grad-, -grade, -gred, -gree, -gress

(Latin: walk, step, take steps, move around; walking or stepping)

1. Walking on the toes; toe-walking; such as, a tip-toe gait which is common in toddlers in the first few years of life.

Dactylograde, toe walking, is not unusual in younger children who are just beginning to walk and otherwise growing and developing normally; however, toe walking after three years of age should be evaluated by a doctor.

2. In zoology, an animal that walks on its toes; such as, a cat, a lion, a wolf, etc.; distinguished from a plantigrade, which walks on the palm of the foot.
decree, degree
decree (di KREE) (noun)
An official order, edict, or decision; as of a church, government, or court: The government issued a decree to the effect that everyone should conserve water during the summer.
degree (di GREE) (noun)
1. Any of successive steps or states in a process or series; relative intensity: In the television court room drama, the lawyers gave the witness the third degree, asking intense questions.
2. A unit of measure on a scale: The students could measure the degrees of heat generated during their experiment using the temperature scale.
3. An academic title given to students who complete a prescribed course of study at a college or university, etc.: Ernestine was very proud of her science degree from the famous university.

The decree from the university announced to the world that Darin had achieved his academic degree in science during which he discovered a new degree for measuring vapor.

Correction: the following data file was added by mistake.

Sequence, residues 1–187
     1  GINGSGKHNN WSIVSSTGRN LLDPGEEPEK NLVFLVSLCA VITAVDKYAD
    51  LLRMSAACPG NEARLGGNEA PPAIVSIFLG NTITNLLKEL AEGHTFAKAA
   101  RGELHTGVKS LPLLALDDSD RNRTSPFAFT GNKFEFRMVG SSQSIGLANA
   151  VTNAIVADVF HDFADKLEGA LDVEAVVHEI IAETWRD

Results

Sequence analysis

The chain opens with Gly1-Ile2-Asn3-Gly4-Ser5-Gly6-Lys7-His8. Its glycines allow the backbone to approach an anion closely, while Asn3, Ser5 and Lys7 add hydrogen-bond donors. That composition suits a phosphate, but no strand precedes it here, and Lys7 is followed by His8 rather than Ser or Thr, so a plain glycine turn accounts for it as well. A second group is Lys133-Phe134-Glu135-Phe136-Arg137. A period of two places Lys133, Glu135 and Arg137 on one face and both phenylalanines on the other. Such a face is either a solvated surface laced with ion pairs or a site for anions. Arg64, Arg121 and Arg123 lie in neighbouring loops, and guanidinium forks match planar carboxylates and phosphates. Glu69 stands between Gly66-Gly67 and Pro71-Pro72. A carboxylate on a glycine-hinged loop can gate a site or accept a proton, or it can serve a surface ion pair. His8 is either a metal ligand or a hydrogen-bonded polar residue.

degrading (adjective), more degrading, most degrading
A reference to something or to someone’s character or behavior as being disgraceful, demeaning, or contemptible: Jane told Sam that he didn't have to make such a degrading remark about her friend's weight.

Pollutions in the atmosphere are still causing degrading qualities of the air around the world.

Relating to shaming or humilating someone.
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diachronous (adjective), more diachronous, most diachronous
Describing a lithological unit whose age varies from place to place, or a lithological unit (rock formation) which cuts across various times or biostratigraphic zones; time-transgressive: A diachronous sedimentation can be seen in a geological deposit in which a sedimentary rock formation apparently consists of similar material, but varies in age from place to place.

For example, as a shoreline advances or retreats, a succession of continuous deposits representing different environments, such as a beach, shallow water, and deeper water, may be left behind as their ages vary depending on the positions of the shorelines through the various time sequences.

1. Walking on the toes or digits, as most quadruped mammals.
2. Relating to an animal; such as, a horse, a cat, or a dog, whose weight is borne on the toes.
3. Walking on the digits, with metacarpal and metatarsal bones clear of the ground, as do dogs and cats.
digitigrade mammal
An animal that walks so that only the toes touch the ground; such as, dogs and cats and horses.